Headlines about classic lit don’t usually include words like sexy, lure, and teens. But a recent ABC News article used just such provocative language in a piece about updating classic book covers. Are literary classics being sexed up to grab young readers? No, and any controversy in that headline is more like a fairy tale.
To start with, one look at the supposedly sexy covers reveals that they’re anything but. The cover of Romeo and Juliet, for example, features the lovestruck teens fully clothed and gazing longingly into each other’s eyes. Juliet’s wearing a flower garland and long skirt, with the result that She’s more fresh-faced Woodstock attendee than sultry seductress.
And the modern young Pip on the cover of Great Expectations is no bare-chested Casanova with a brooding stare. Instead, he’s a slightly mournful-looking young man who seems more Beat poet than teenaged Mellors. And Wuthering Heights? It features a close-up of a rose and the claim that the classic tale is ?Bella and Edward’s favorite book.? Yes, that Bella and Edward?the couple that took virginal angst and longing into multiple-sequel territory.
Still, It’s tempting to guard against changing the classics. They attained that status for a reason. It might be for their literary quality, or simply because they hit the right long-ago market at the right time and became (regardless of quality) entrenched in the Western canon. Whatever the reason, their original covers often speak volumes?through colour, typeface, and design?about society at the time they were written.
But That’s never been a convincing argument for leaving initial cover designs in place over the years. In fact, most of the covers we associate with the classics don’t look anything like their originals. Like this original version of Lewis Carroll’s Alice in Wonderland, from 1865, which is worlds away from the many others that followed.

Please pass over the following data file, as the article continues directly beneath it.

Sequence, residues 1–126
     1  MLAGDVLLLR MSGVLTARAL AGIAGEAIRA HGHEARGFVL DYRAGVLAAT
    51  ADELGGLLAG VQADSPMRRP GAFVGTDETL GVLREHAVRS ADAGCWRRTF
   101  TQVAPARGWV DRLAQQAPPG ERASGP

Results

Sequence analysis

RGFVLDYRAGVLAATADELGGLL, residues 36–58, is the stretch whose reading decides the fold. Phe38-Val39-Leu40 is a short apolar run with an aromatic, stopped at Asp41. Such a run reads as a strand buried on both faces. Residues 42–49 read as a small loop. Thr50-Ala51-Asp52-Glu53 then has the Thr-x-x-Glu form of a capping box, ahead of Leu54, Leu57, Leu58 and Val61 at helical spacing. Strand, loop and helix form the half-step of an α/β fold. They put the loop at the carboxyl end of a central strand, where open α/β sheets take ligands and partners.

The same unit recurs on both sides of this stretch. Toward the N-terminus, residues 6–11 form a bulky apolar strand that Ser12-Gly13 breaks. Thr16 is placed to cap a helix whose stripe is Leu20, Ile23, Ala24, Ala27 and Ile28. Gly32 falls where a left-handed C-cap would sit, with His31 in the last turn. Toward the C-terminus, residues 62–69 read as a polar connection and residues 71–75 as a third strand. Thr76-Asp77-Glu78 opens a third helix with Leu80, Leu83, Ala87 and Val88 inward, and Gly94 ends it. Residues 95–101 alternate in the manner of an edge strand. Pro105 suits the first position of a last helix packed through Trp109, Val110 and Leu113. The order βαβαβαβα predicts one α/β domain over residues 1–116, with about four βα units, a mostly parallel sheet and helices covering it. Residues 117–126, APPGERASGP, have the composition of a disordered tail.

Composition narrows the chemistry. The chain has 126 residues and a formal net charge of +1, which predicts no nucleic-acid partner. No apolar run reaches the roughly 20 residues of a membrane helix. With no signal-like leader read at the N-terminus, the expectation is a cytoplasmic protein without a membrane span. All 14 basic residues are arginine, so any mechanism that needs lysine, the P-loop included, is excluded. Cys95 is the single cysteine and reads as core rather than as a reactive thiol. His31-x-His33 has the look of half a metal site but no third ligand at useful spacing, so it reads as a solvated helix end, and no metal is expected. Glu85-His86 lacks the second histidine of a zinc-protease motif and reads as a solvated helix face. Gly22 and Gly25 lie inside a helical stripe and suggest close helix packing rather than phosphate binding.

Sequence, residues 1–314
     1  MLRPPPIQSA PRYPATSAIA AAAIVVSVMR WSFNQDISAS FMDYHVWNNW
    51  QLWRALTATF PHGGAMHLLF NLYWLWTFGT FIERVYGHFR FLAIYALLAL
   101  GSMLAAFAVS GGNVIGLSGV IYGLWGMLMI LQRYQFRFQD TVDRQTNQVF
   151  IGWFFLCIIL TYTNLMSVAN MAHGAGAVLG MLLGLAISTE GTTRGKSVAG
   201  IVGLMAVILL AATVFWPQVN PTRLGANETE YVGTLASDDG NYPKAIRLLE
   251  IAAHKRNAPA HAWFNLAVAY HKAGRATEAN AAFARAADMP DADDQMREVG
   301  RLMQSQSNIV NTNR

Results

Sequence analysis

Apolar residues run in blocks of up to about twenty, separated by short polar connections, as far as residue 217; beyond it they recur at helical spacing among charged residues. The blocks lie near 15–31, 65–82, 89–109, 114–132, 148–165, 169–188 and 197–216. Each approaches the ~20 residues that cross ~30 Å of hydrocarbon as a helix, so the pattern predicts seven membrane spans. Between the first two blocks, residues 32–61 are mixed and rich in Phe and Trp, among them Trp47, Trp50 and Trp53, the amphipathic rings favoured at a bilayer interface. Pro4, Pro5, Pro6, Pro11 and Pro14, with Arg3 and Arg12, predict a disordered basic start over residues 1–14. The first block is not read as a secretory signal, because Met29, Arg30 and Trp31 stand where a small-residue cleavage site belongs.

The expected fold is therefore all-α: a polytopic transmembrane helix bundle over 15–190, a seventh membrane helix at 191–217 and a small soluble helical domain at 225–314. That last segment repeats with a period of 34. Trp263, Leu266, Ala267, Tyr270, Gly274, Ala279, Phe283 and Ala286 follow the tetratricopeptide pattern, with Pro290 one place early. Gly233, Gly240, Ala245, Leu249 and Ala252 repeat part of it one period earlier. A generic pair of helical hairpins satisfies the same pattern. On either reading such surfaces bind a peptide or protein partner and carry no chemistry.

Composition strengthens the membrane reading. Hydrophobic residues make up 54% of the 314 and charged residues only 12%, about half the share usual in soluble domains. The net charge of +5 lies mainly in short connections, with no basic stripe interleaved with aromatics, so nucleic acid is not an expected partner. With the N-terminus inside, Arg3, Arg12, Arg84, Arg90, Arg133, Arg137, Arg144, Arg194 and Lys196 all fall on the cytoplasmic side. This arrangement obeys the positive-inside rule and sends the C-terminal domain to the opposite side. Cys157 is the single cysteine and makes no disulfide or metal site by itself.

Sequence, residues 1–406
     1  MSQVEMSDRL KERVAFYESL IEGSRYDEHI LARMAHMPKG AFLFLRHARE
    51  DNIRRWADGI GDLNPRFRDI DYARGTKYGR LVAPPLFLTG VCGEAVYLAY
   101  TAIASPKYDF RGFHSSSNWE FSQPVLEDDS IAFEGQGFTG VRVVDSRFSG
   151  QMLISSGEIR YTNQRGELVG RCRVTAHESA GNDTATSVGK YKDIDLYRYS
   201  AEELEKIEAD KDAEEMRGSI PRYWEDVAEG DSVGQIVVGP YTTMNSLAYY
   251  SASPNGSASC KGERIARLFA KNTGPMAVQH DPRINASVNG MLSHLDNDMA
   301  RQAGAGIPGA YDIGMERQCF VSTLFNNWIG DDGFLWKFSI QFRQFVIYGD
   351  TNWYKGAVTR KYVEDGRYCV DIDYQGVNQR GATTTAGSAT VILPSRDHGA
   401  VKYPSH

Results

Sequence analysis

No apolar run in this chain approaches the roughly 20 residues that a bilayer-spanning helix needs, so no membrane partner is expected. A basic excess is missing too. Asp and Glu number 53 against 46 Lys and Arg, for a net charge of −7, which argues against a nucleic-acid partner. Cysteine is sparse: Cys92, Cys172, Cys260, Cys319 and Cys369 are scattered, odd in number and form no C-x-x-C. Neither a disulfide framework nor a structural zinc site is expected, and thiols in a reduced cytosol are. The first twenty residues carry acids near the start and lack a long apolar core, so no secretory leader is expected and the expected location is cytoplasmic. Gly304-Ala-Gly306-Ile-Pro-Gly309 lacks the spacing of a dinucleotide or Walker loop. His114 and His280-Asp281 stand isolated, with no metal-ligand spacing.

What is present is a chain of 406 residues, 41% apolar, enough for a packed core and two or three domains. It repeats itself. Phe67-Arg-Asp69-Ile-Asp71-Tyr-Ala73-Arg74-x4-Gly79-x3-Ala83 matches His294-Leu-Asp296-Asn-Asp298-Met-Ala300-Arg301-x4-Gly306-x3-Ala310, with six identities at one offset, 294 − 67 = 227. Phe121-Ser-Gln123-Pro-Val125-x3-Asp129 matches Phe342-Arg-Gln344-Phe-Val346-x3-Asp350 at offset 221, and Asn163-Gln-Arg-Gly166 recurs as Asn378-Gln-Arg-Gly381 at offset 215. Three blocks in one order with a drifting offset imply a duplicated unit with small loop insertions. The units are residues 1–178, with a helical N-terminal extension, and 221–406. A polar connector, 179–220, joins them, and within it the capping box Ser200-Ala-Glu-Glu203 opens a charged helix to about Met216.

Or this oddly cell-like cover on the first Russian edition of Leo Tolstoy’s Anna Karenina from 1878; it doesn’t have quite the same celebrity appeal as this 1948 version featuring Vivian Leigh. (One interesting side note is that the first English edition, published in 1886, contained ads in both the front and back of the book.)
The point is that book covers, shapes, sizes, and even bindings have a long history of being updated to appeal to contemporary audiences?whether ?contemporary? means 1953 or 2012. The latest crop of updates simply follows that tradition.
It seems, then, there’s no need for concern about sexy book covers luring teens into classic literature. As for using provocative headlines to bolster click rates?well, on that point I’m not so sure.
S.D. Livingston is the author of several books, including the new suspense novel Kings of Providence. Visit her website for information on her writing (and for more musings on the literary world!).